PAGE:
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Technology finds possible cause of ancient epidemic

Oaxaca, Mexico — Researchers with the Munich, Germany-based Max Planck Institute used new DNA screening software called the Metagenome analyzer Alignment Tool (MALT) to possibly solve an ancient medical mystery, CNN and others reported.


In the 1500s, an epidemic called “cocoliztli” killed 80 percent of the native population in large areas of Guatemala, Mexico, and other Central American countries.  Records from the time describe symptoms matching those of typhoid fever.


Typhoid is caused by the Salmonella enterica Paratyphi C bacteria.  And using MALT, which scans for the presence of any known bacteria, not a target bacterium, researchers found DNA traces of Salmonella enterica Paratyphi C at the ancient Mexican resting place of some victims.


While researchers cannot conclusively say that cocoliztli was indeed typhoid, it would make sense, given that European explorers of the “New World” at the time frequently carried diseases to which they were immune, then infecting defenseless natives.


The research was published Jan. 15 in the journal Nature.


In related news, a careful study of the spread patterns of the Black Death, Europe’s 1347-1351 bubonic plague epidemic that killed millions, now concludes that the plague was spread by humans, not by rats as commonly believed.  That study was published in the Proceedings of the National Academy of Science.


Smartwatch measures blood pressure

Las Vegas, NV — If an innovative new device by health and robotics tech giant Omron gets FDA approval, taking your blood pressure could soon be as easy as telling the time.


The Omron HeartGuide, a functioning blood pressure cuff built into a stylish digital wristwatch, measures the wearer’s blood pressure with the press of a button.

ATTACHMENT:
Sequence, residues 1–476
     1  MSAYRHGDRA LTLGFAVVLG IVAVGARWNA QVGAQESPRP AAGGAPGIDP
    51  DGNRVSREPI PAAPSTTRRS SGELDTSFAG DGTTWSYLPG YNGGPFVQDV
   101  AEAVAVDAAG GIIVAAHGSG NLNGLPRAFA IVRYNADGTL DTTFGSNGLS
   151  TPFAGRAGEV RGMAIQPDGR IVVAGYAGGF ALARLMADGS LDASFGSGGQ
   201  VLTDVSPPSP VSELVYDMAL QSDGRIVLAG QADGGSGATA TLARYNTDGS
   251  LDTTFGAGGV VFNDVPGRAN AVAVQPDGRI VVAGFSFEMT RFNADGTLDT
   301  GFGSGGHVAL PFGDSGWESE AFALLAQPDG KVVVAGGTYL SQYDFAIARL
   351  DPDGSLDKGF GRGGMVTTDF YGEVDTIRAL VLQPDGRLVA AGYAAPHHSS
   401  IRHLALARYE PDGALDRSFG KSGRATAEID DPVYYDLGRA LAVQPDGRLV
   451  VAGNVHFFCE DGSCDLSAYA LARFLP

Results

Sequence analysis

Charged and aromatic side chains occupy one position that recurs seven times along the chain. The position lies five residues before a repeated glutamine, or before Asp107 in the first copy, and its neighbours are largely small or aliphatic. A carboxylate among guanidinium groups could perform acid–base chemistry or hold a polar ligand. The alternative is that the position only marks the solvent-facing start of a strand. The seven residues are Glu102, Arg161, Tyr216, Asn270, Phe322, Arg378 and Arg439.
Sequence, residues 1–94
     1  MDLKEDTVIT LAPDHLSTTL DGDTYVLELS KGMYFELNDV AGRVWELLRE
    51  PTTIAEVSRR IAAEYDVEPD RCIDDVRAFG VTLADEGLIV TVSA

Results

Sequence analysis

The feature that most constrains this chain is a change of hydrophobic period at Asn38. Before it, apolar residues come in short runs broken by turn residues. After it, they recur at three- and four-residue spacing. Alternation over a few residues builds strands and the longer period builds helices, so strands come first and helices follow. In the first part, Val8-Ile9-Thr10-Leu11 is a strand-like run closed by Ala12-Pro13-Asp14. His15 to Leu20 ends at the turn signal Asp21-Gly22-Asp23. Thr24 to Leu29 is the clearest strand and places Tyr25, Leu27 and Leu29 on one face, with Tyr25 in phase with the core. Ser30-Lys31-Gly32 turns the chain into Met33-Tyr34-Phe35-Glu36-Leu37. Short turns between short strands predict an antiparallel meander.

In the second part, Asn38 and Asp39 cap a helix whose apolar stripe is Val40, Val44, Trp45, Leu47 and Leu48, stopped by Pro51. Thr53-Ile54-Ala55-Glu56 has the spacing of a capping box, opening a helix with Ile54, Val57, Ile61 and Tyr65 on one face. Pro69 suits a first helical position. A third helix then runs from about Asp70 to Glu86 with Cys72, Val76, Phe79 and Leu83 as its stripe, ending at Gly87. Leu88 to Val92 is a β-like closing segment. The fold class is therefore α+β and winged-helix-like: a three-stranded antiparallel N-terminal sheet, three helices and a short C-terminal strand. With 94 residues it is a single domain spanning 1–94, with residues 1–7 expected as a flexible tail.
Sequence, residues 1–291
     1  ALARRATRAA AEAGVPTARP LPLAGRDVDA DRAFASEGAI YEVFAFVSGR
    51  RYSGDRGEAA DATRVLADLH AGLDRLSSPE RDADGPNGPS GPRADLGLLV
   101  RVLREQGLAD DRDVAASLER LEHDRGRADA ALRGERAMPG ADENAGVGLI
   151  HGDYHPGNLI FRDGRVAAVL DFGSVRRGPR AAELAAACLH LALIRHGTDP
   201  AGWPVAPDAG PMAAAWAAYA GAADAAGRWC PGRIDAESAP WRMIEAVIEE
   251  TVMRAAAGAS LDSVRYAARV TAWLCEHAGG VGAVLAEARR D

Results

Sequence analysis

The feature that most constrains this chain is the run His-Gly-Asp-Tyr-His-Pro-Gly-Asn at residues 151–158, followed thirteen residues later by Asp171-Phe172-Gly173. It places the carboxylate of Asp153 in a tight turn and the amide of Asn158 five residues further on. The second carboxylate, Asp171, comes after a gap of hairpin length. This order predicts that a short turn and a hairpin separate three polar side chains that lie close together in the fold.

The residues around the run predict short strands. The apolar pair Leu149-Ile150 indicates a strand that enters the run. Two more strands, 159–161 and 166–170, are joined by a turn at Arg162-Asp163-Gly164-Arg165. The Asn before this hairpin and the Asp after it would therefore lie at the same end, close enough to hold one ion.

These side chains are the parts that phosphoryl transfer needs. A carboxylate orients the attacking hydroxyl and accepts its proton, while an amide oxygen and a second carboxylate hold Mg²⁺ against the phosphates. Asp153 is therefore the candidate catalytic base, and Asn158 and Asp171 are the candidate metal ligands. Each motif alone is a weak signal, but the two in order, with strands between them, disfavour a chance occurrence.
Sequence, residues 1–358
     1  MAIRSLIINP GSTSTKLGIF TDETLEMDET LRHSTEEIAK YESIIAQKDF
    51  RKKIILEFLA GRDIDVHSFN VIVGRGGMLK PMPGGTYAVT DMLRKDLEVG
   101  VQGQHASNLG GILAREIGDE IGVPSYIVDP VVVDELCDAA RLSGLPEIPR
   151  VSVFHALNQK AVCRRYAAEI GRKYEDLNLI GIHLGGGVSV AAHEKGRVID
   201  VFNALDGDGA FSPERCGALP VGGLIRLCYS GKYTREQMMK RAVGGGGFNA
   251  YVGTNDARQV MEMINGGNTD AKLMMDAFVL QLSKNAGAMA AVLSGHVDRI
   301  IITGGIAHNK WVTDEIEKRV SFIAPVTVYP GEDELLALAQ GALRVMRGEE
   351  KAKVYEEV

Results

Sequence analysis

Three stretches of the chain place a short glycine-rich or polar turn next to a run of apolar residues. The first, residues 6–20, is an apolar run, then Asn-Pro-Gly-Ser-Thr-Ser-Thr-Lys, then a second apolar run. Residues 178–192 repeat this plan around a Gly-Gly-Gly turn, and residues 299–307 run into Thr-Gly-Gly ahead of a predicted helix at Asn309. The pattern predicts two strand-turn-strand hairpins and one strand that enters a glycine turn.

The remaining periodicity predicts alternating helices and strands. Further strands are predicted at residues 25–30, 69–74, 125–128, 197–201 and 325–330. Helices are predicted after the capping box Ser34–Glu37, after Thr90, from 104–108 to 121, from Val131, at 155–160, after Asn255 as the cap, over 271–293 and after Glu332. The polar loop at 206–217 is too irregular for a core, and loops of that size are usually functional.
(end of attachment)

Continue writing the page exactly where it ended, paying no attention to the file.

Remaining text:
The HeartGuide also comes with a slew of standard modern features, including a fitness tracker and accompanying smartphone app.  The HeartGuide, which was rolled out at the CES 2018 consumer technology show in Las Vegas this Jan. 9-12, is expected to be FDA-approved by year’s end.  It will retail for about $350.


Bulky wrist-affixed blood pressure monitors and devices, including several by Omron, have already been on the market for several years.


Blockbuster psoriasis drug Cosentyx keeps winning

Basel, Switzerland — Data from a maker-sponsored new study released Jan. 15 show that psoriasis drug Cosentyx does better than nearest competitor Stelara.  Cosentyx is made by Swiss company Novartis AG.  Stelara is produced by New Jersey-based rival Johnson & Johnson.


Since its Jan. 2015 FDA approval for plaque psoriasis, Cosentyx was also approved for ankylosing spondylitis and psoriatic arthritis, two other serious conditions, becoming a blockbuster drug—and far outpacing Stelara, which was first approved in 2009.


Cosentyx is among the first of a new class of drugs called interleukin (IL) inhibitors.  These drugs reduce symptoms of several diseases by targeting the genetic mechanisms that are their cause. 


With their robust medical success also producing robust financial success, interleukin inhibitors have become a hot item to Big Pharma over the last decade.  Besides Cosentyx and Stelara, the FDA has also approved competing drugs Taltz (made by Lilly), Siliq (Valeant) and Tremfya (J&J) for plaque psoriasis.


But while Novartis reports hopes of reaching $3 billion in Cosentyx sales in 2018, J&J is comparing Cosentyx to Tremfya, its newest (IL) inhibitor, in a large new study due out later this year.


Regardless of who loses, people with psoriasis—a skin disorder causing flaking, crusting and rash—stand to win.


Study: Married people have lower death risk

Atlanta, GA — An Emory University study suggests that married heart patients have lower risk of death than unmarried ones. 


The study, which reviewed four years of data on over,000 heart patients, also determined that being married seems to lower the risk of death due to any reason, not just cardiovascular illness.

Increased social support among married patients, as well as decreased stress and depression, and better adherence to medication regimens and healthy lifestyle choices, may explain the findings, researchers say.


The study was published Dec. 20 in the Journal of the American Heart Association.